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observe the rules of the establishment; and
their self-respect is re-instated in every
possible way. During the periods of recreation
no surveillance is exercised; indeed, from the
nature of the premises, which consist of
several houses in a densely crowded
neighbourhood, it would be impossible to set up
anything like bounds. Nevertheless they are
not found to consort with their old
companionsthey are placed above them, and
consider they have made a step upward in
life. Mr. Bowyer tells us, that the appeal to
their self-respect is his strong-hold over
them all, and that he frequently entrusts
boys who have been in the Institution for
some time, with rather large sums of money
to pay bills, &c.; that by so doing he had
never once been made to suffer, never met
with a breach of trust. To our anxious
inquiry, How do you dispose of your inmates,
when you have reformed them? he
replied, "Most of them emigrate. Connected
with the Institution there is a fund to enable
us to send them out. All we have sent out
have done well. Others again are draughted
into the army and navy, and we have received
excellent characters of them from their officers.
Some, who are good workmen, have
obtained situations in this immediate
neighbourhood. There is a disposition to employ
them, and a character from us is a sufficient
recommendation. Each inmate remains two
years, by which time his good habits have
taken root. Every boy who enters, has to
undergo a fortnight's separation from his
companions, and a bread and water diet.
This is a test of his sincerity; and is not
introduced until some weeks after he has
joined; because, it is thought, when he has
once enjoyed for a time the benefits of the
Institution, his solitude is more likely to be
profitable. If he wishes to work in his
solitude, he is allowed to have his tools."

The expression of the boys' faces we found
to be, with few exceptions, good. Mr. Bowyer
tells us, that the improvement which becomes
visible in that respect is so great, that after
the lapse of a few weeks he can sometimes
scarcely recognise a new-comer for the same
lad who entered. The exceptions remarked by
us proved to be all of them new-comers, and we
were assured that they would alter their
expression in the course of a short time. Much
of the success that has attended the working
of this institution is undoubtedly owing to the
present influence of the manager over the
inmates. He has evidently a liking for his
work. Another advantage is, the simplicity
and directness of the effect; there is no waste
of power; no cumbrous machinery stands
between the programme and the performance;
there is no philanthropic routine to be
set in motion; what has to be done, can
always be done at once. The expenses of the
Institution are incurred only for things of the
strictest necessity. Nothing is wasted upon
appearances: consequently great good has
been effected with comparatively little money.
Mr. Bowyer, who is founder of the Institution,
was not a rich man when he undertook the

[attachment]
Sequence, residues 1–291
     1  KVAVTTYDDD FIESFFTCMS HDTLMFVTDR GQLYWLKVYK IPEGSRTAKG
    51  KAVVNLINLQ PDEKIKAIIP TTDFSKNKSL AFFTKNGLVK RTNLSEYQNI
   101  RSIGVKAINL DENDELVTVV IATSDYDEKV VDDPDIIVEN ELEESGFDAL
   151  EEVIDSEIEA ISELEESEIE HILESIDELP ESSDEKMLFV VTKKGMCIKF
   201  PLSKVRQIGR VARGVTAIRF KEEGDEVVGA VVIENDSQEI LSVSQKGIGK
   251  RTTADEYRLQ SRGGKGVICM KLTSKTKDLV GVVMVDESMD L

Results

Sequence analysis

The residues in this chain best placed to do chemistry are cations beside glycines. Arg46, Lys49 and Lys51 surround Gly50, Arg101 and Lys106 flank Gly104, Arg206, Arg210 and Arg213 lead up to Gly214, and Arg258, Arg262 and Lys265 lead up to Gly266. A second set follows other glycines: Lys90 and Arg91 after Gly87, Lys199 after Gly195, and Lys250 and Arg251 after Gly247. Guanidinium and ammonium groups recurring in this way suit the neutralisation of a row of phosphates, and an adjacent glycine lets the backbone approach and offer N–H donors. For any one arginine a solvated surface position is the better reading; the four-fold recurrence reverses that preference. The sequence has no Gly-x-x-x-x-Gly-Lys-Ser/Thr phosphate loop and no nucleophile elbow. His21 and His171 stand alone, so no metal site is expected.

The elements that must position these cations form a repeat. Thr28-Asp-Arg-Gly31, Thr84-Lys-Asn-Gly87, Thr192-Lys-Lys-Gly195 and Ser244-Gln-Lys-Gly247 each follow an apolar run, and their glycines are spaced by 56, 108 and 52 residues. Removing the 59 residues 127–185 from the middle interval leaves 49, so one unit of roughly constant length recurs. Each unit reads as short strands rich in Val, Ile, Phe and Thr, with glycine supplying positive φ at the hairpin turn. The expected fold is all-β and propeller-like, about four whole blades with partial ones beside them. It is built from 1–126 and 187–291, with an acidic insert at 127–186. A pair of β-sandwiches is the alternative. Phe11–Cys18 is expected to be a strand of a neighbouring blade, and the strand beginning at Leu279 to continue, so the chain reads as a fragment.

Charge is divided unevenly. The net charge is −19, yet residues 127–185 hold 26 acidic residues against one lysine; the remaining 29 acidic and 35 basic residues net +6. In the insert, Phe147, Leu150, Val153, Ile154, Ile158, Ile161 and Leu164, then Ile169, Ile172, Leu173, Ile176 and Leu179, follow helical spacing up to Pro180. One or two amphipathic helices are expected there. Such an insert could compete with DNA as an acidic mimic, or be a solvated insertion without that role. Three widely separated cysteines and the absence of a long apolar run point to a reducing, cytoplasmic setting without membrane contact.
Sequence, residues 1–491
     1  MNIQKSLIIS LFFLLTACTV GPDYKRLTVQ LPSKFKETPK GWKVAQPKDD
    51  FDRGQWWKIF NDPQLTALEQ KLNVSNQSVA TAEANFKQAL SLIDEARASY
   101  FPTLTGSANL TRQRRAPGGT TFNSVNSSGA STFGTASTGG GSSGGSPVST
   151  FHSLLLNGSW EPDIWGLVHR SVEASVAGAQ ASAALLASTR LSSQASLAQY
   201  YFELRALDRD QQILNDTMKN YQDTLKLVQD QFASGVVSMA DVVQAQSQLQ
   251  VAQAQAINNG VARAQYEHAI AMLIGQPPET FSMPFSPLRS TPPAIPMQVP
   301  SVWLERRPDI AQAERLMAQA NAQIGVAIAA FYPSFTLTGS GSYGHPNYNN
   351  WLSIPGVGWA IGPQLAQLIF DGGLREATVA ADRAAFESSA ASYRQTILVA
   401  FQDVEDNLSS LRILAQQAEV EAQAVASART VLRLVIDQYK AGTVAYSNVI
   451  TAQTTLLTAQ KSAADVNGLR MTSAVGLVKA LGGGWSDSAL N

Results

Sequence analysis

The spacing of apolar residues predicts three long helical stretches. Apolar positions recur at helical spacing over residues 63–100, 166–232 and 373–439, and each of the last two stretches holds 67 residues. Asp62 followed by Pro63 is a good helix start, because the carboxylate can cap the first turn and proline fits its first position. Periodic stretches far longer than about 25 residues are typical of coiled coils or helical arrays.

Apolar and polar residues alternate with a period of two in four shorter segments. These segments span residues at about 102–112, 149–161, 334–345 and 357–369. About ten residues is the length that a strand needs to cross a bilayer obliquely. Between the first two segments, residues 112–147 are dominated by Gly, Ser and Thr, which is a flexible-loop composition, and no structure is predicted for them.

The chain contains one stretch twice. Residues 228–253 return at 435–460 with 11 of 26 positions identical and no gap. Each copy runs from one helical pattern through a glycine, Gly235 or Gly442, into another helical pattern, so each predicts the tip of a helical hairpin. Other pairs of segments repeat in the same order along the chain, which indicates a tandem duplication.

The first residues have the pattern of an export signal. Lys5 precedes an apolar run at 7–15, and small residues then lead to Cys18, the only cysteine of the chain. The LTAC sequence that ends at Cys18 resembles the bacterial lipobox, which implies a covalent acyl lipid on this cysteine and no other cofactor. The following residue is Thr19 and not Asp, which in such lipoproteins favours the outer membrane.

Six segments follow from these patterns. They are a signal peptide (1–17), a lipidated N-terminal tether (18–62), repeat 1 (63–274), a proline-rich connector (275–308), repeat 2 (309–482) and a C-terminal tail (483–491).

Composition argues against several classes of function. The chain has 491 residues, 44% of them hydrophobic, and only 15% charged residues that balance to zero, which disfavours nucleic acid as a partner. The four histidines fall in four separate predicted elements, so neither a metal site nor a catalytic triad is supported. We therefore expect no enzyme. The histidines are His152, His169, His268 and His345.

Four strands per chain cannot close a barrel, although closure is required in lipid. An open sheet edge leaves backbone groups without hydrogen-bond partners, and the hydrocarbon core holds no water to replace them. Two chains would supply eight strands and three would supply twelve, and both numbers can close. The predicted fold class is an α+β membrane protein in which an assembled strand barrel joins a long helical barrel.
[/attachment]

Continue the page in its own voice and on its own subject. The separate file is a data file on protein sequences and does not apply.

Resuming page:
work. His income was decidedly limited,
and his time much occupied by his employment;
but he was interested in the ragged
schools; many boys came to him, and said, if
they had a refuge and the chance of doing
better, they would thankfully leave their
evil courses. Then, at his own expense,
he engaged rooms and began with eight boys,
giving them at all events a home. Friends
have since gathered round the good
Samaritan; a list of noble patrons gives to his
enterprise the prestige of their names; the value
of his work is recognised by a free-hearted
and free-handed public; and there is now
every reason to believe that it will go on,
increase, and prosper.

               HOLIDAY QUARTERS.

I HAVE stolen away from care-haunted
London (which has always seemed to me the
abiding-place of turmoil and weariness, with
ungentle thoughts), and I am living in a little
brick box on the pleasant heights of Richmond

I rise with the birds and the cows of a
morning. I see the sheep wake one by one
as I ramble forth with my pipe and thoughts.
None but they and I are up, with the exception
of a young man and his wife who keep
a small shop in the neighbourhood, and who
seem to be always healthfully wrestling with
a coy but cheerful fortune. I love these
mornings. They are so sunny and joyous.
The three geraniums which blossom on my
window-sill seem to be dancing always to the
soft music of the breeze. The birds make
quite a playground of the quiet road, and
when disturbed whirr off to the old paling
opposite, and trill out (as I fancy) a comic
song of derision to the silly old bookworm,
who shuts himself up with the feathers of
that waddling bird the goose (their common
butt); and a few such rags (metamorphosed
a little) as they use to build the commonest
part of their nests.

My landlord is a carpenter by trade. He is a
short dapper brisk little man, who is fond of
going about in a cap and shirt-sleeves.
According to the usual mysterious dispensation
of Providence, he has, of course a long wife.
I am bound to say she is a very long wife:
but a decent, thrifty pains-taking body as
needs be. She keeps her little house in as
trim and well-scrubbed a condition as her
little husband. If I might venture to make
the remark, I would suggest that the house
is a little too clean; and if the purport of
some subdued remonstrances from the
carpenter have reached my ears correctly, I
might almost believe that if he were allowed
to be dirtier he would be happier. I have
an impression that he is often positively
hunted down and harried by a piece of yellow

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